Miss World Canada Anastasia Lin suspects she's landed in the Chinese government's bad books.
The activist and actress, with credits in movies and TV shows about human rights abuses in China, has been speaking her mind on behalf of religious minorities in her native country since winning the crown this spring. In July, the 25-year-old — an adopter of Falun Gong, a spiritual practice with elements of Buddhism that has been banned in China — denounced religious persecution by the communist regime at a US congressional hearing.
And now, she thinks she's being punished — and could miss the Miss World finals in Sanya next month as a result.
Lin hasn't received an invitation letter from the Ministry of Foreign Affairs in China, which she needs in order to apply for a travel visa by November 20 — the cutoff to make it in time for the competition.
"Considering the fact that all the rest of the contestants have received the letter of invitation and not Anastasia Lin, we are concerned," Miss World Canada said in a statement. "There might still be the possibility the letter is delayed."
Lin says the Chinese government commonly uses the tactic of not issuing visas to silence journalists and academics who criticize them, and that her case is no different. Just this week, Amnesty International released a report that detailed disturbing allegations of the beatings and torture of human rights lawyers, government opponents, activists, and Falun Gong believers by Chinese security agents. Spiked rods, iron torture chairs and electric batons are among the tools used, the report claimed.
Lin heard stories of threats, beatings, and arrests first hand from practitioners of Falun Gong and other religious minorities while preparing for various movie roles, and it moved her to speak up.
"I'd worked with victims because I was going to act their stories out," she said. "I felt what they were feeling in China very intimately because I was trying to imitate that.
"It just got to me one day. It's got to stop because it's so sad."
She recalled advice she'd received years earlier from former Miss World Canada Nazanin Afshin-Jam, who had told her the contest was the perfect platform to get a message out.
She wasn't always as sensitive to the plight of Falun Gong practitioners, though. As a student leader in China, she was recruited to help spread government propaganda and teach her peers about why Falun Gong was dangerous, she says.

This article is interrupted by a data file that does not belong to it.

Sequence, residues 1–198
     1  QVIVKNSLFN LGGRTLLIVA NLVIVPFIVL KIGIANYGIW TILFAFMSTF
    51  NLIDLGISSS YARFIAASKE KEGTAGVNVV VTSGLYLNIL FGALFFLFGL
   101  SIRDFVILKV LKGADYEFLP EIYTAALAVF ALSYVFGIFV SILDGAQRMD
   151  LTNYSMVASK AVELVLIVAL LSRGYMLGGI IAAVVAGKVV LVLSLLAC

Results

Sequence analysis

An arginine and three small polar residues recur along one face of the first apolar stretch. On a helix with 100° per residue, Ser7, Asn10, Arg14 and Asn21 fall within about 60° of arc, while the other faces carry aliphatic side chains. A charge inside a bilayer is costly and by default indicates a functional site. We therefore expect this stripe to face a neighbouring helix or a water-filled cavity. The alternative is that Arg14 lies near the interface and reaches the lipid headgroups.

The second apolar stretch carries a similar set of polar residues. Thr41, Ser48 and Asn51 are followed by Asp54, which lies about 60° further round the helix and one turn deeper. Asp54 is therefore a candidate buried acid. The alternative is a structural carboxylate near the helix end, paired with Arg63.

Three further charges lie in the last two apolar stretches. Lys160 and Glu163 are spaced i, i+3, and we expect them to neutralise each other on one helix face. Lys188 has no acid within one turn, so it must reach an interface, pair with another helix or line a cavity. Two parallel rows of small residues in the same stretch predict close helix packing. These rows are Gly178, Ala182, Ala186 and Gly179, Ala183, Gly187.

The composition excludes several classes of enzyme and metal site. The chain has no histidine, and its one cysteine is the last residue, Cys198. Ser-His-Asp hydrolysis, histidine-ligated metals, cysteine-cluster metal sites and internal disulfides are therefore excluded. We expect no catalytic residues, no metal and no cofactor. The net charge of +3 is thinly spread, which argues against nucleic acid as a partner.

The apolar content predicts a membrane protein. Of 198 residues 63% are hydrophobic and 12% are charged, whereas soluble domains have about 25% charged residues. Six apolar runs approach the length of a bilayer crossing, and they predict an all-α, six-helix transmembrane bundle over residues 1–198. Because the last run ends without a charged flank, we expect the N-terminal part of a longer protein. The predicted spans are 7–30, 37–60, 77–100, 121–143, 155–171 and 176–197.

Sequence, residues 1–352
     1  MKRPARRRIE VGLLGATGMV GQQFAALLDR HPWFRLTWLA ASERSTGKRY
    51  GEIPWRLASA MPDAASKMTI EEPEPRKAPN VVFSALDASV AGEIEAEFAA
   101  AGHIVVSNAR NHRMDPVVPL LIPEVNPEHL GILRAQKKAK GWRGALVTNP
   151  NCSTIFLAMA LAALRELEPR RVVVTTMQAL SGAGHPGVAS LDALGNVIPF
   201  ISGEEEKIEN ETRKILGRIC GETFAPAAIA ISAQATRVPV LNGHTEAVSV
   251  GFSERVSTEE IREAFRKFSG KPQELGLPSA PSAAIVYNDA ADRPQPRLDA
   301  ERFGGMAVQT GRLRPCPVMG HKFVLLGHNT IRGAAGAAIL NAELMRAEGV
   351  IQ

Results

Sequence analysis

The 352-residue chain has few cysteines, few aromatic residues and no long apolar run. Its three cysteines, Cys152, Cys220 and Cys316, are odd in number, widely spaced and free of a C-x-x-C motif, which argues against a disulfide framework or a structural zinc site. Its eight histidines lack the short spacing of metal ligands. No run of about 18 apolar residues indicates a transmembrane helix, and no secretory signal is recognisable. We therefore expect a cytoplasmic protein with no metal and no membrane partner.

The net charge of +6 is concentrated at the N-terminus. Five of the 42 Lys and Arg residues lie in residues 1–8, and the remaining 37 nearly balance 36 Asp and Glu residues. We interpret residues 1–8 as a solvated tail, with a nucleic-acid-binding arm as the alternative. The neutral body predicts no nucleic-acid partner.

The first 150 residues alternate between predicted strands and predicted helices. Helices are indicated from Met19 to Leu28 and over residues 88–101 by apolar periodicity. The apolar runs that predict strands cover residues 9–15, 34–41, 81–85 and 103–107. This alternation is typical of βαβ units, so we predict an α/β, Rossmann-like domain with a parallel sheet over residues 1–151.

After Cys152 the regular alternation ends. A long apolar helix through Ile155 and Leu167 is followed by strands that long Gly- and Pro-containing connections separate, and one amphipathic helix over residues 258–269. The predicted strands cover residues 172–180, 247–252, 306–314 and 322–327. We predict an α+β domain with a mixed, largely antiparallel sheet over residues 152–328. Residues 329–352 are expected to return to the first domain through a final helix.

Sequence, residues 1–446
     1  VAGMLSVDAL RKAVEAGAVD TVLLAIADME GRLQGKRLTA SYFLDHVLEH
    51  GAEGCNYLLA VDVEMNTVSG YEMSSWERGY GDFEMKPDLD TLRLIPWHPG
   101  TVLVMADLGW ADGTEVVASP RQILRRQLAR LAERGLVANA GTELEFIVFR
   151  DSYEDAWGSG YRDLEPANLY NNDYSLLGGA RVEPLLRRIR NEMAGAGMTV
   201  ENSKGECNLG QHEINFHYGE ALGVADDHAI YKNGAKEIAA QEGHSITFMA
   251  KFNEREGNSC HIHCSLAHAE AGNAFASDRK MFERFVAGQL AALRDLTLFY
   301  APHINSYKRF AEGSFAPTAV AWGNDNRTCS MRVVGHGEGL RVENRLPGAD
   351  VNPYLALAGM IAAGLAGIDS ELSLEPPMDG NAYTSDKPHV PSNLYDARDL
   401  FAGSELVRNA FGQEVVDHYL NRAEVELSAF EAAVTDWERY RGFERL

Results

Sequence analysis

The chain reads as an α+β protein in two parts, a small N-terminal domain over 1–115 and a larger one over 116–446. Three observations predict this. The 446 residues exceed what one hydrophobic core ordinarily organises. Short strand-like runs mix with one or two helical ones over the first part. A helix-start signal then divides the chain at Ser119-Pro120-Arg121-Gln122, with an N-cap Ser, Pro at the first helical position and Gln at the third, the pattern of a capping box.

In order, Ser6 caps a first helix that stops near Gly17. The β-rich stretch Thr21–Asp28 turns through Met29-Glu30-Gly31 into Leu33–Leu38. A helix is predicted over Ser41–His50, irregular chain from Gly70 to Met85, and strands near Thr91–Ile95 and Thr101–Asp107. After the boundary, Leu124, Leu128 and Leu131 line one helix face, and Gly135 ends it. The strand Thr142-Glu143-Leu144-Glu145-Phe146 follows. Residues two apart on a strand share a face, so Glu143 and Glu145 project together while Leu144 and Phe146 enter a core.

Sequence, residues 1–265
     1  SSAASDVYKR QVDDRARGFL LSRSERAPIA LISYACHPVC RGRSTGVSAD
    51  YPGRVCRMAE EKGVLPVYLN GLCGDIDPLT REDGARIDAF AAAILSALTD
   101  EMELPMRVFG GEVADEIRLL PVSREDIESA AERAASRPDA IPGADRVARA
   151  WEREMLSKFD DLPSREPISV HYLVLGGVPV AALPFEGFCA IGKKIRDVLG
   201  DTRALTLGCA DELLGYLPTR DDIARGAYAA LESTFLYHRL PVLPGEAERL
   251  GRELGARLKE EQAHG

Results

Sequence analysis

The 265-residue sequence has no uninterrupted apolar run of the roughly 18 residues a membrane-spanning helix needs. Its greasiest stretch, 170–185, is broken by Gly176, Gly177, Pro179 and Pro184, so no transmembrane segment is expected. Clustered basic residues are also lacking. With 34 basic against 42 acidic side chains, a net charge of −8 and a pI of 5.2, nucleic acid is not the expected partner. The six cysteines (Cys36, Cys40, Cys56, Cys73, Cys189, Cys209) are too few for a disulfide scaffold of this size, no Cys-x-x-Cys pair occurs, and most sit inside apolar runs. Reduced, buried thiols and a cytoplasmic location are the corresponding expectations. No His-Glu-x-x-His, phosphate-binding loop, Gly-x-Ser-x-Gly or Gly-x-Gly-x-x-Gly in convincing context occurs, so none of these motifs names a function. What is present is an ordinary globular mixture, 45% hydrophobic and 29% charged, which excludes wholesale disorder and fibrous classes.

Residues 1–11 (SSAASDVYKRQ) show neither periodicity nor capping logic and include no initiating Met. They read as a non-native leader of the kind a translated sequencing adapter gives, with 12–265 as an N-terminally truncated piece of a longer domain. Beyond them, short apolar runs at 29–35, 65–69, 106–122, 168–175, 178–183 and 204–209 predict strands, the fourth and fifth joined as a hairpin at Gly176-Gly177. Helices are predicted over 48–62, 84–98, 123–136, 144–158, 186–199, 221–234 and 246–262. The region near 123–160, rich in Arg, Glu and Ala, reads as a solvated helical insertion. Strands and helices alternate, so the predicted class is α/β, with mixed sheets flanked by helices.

It was only after arriving in Canada at the age of 13 and learning more with the help of her mother, that she began to question the teachings.
"I didn't think twice about what the government was telling students, and at that time, I thought it was a glorious thing I was doing," she said.
Thus far, it's been her father who lives in China who has borne the brunt of the fallout. Shortly after she won the title, a series of text messages left Lin concerned for his safety.
"Before I won the crown, he was cool with all the human rights work," she said. He told her to tone it down slightly. "But after I won the crown, a few days later, he sent me this text message saying, 'You've got to stop — otherwise my family might have consequences.'"
If she didn't cease her political activities immediately, they'd have to go their separate ways, he told her. When she pressed him for further details, he simply asked her never to bring it up in conversation again. Fearing for his life, Lin decided to make the threats public.
"If you keep silent, they might use this tactic to keep manipulating, and they might go even further," she said.
Miss World Canada says they're in contact with the principals of the organization in London, and that they're trying to make the trip possible.
"We have assured that Anastasia Lin's focus will be the competition and she [has] no intention to cause any controversy when she is in China," said the statement.
But Lin says Miss World and other organizations could stop the Chinese government "bullying people like this" by simply pulling their events out of the country.
She's especially disappointed by the lack of help from the Canadian federal government. In an emailed statement, Canada's department of foreign affairs said while they couldn't comment on Chinese visa decisions and that "it is the sole prerogative of every country or territory to determine who is allowed to enter or exit," the promotion and protection of human rights is a priority in Canada's relationship with China.
"This is not a problem of sovereignty. This is a matter of principle," said Lin. "I'm a Canadian speaking my own mind within Canadian borders. This is a foreign government's action to stifle my voice in my own country."
Follow Tamara Khandaker on Twitter: @anima_tk